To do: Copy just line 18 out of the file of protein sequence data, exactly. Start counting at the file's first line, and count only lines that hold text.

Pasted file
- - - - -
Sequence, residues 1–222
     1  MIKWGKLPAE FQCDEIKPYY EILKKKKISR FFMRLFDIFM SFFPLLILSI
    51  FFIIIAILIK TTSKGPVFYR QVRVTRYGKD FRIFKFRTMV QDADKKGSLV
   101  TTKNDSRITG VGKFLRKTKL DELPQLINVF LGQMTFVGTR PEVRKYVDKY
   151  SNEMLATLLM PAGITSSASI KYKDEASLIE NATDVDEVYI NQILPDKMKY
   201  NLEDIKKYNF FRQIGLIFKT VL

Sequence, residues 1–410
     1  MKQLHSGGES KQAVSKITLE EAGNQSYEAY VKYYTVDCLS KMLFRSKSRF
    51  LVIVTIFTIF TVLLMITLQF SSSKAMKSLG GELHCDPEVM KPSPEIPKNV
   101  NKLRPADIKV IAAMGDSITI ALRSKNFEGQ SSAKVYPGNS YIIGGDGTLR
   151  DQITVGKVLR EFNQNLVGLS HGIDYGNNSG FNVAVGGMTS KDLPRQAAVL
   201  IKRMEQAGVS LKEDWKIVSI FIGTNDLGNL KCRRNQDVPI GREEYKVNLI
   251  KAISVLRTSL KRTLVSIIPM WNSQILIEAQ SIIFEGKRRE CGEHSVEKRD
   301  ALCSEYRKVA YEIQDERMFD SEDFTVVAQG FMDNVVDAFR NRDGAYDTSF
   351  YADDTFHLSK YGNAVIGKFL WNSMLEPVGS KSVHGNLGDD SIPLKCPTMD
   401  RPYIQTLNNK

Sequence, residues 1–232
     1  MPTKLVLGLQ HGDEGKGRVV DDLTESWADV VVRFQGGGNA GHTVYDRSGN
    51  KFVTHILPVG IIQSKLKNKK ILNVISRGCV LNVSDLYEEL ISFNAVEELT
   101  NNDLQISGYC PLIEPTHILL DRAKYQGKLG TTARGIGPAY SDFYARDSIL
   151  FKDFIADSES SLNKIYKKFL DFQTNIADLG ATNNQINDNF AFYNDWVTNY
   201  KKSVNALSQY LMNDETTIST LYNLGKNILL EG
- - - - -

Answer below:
     1  MPTKLVLGLQ HGDEGKGRVV DDLTESWADV VVRFQGGGNA GHTVYDRSGN